The City promises increased park space will come hand-in-hand with new development.
The U District Urban Design plan promises increased park space will come hand-in-hand with new development. (City of Seattle)

With a newly installed protected bike lane on Roosevelt Way, light rail access and RapidRide service coming soon, and Brooklyn Avenue likely becoming a festival street, the U District is poised to be a neighborhood many, many more people want to call home. Let’s plan like it.

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Doug Trumm is The Urbanist's Executive Director. An Urbanist writer since 2015, he dreams of pedestrianizing streets, blanketing the city in bus lanes, and unleashing a mass timber building spree to end the affordable housing shortage and avert our coming climate catastrophe. He graduated from the Evans School of Public Policy and Governance at the University of Washington. He lives in East Fremont and loves to explore the city on his bike.

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Brooke Brod

Yes, the U-District is destined to become a neighborhood more and more people want to call home, but unless the plans prioritize the development of more 2+ and 3+ bedroom units the neighborhood won’t be accessible to those who may want to move here. Affordability is only piece of the livability puzzle; we also need to make sure the U-District is affordable for families. For the single mom, who works at the UW Medical Center and isn’t going to be buying a million dollar home any time soon. For the senior couple who wants to downsize and be able to have their grand kids stay overnight once in a while.

As a long-term resident of the U-District, I look forward to growth. I just want to make sure that growth isn’t only in the number of small efficiency dwellings.


For-profit developers could challenge the MHA program and break it in state court. Roger Valdez, Smart Growth Seattle, writes about this often and optimistically. What then? Roll back the upzone? How likely is that – if Murray, Johnson et al. even cared about affordable housing, they would have done what the Displacement Coalition did, and inventoried it in the University District. It isn’t about affordable housing, or really about housing at all. A new high tech skyscraper district like a second SLU – just what we all needed.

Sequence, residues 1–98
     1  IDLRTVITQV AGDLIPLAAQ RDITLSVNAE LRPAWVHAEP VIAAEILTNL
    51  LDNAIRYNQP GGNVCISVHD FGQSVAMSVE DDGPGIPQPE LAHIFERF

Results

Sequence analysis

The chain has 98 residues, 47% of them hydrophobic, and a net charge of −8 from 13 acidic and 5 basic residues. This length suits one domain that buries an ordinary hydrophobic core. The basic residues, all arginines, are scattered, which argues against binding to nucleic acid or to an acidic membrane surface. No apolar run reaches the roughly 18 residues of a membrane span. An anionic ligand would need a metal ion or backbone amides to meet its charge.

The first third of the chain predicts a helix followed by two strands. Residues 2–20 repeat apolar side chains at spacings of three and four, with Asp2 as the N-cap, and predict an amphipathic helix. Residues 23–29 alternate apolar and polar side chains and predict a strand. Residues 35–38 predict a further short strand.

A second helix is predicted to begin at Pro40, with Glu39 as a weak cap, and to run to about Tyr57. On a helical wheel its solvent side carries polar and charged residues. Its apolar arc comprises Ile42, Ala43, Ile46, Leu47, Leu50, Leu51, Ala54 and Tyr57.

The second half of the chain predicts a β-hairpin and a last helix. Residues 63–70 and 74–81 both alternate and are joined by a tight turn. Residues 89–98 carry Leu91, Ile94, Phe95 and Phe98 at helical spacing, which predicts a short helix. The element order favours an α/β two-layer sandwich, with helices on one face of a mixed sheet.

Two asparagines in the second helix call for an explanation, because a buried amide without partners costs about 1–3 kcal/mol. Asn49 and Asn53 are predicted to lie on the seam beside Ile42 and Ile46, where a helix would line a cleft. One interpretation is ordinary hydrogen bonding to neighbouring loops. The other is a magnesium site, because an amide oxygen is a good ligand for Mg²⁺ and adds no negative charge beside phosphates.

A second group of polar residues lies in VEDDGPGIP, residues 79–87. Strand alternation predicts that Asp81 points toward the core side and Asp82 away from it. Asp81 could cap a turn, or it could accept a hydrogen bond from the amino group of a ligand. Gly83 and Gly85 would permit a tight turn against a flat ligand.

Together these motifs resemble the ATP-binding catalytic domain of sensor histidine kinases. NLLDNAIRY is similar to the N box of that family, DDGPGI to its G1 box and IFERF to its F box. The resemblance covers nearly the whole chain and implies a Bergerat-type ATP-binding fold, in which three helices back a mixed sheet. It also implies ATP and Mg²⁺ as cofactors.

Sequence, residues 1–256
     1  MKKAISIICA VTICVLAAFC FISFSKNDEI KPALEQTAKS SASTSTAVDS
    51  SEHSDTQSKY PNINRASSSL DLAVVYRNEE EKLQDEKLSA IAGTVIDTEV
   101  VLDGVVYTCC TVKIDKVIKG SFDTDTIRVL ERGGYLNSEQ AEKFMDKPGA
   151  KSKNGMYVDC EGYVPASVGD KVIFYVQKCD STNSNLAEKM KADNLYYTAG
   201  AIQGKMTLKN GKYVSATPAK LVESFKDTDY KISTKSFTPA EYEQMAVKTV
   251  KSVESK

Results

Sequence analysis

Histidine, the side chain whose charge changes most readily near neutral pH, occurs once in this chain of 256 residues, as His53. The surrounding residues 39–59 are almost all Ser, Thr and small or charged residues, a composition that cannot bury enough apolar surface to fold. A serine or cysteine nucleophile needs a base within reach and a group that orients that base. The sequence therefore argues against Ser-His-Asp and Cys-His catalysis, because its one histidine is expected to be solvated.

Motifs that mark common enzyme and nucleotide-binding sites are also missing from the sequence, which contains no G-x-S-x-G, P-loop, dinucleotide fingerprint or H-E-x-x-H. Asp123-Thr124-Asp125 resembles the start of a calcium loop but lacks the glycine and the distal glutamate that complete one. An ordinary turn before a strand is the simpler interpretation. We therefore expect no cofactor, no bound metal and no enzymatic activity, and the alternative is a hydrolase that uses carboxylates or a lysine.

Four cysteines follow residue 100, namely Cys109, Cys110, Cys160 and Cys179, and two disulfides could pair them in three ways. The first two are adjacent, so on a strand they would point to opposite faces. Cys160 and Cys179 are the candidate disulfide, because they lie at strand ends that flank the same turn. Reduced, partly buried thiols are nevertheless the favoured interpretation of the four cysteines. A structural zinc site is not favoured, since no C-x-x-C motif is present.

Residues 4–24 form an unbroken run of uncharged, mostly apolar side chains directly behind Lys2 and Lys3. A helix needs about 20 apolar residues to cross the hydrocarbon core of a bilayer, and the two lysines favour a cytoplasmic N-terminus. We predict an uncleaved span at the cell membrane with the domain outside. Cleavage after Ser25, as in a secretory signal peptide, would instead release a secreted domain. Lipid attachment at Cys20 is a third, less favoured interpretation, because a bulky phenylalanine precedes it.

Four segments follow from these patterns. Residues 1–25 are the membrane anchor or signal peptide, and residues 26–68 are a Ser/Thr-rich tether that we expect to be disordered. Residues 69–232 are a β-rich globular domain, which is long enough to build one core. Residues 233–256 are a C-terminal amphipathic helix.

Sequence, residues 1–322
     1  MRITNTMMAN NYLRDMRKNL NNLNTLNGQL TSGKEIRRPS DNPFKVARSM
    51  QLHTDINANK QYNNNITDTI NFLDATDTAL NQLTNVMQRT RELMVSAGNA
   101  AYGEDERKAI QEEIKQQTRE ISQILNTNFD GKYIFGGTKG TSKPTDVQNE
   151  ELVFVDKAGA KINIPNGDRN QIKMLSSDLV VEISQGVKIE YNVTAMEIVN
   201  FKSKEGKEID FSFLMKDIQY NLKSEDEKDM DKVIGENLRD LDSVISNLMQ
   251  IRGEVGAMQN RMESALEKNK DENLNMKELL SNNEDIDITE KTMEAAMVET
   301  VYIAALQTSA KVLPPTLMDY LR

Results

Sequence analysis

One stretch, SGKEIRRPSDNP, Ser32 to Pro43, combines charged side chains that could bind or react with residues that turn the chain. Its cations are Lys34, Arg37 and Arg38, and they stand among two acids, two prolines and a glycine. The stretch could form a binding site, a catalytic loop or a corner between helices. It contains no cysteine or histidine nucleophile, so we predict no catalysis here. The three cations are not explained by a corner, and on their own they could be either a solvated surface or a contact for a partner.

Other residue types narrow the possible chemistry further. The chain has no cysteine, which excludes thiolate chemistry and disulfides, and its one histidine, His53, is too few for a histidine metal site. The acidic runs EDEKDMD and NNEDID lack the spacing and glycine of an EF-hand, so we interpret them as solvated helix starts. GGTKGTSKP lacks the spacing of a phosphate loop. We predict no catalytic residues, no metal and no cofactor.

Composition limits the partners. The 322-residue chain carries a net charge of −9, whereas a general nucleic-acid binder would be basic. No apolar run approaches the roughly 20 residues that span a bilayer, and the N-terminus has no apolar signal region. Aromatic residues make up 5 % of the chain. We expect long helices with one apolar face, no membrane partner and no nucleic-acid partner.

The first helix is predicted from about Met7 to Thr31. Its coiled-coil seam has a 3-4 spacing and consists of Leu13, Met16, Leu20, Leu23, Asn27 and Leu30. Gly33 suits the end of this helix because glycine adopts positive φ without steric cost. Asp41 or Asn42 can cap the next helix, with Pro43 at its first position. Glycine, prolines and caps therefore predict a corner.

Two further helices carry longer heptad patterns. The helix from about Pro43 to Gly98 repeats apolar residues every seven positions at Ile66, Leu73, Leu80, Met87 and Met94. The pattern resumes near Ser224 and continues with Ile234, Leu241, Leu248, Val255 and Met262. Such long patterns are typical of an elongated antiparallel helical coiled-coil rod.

Hi Donn,

You can make an argument that you think MHA will be invalidated by a court. Many people disagree with you on this, including affordable housing professionals. If a lawsuit happens, we’ll find out. You can also make an argument that you personally don’t want skycrapers or you don’t like SLU. Opinions are welcome here.

However, please don’t imply that city council and mayor have a conspiracy to upzone neighborhoods under the guise of affordable housing and then have the affordable housing law rolled back by the court. Conspiracy theories and misinformation aren’t welcome in this corner of the internet and will be edited/deleted.



I don’t believe, and didn’t say, that they intend to have the ordinance struck down – I’m asking only whether the upzone will remain in effect if it does. As for misinformation – Murray says “you don’t get to have your own facts”, but you sure can, as the city has done, fastidiously avoid knowing the facts in question about the inventory of existing affordable housing, and that shows what matters at city hall, minus maybe one council member.

Housing affordability was negatively impacted by the first SLU, and we should expect the same with this one.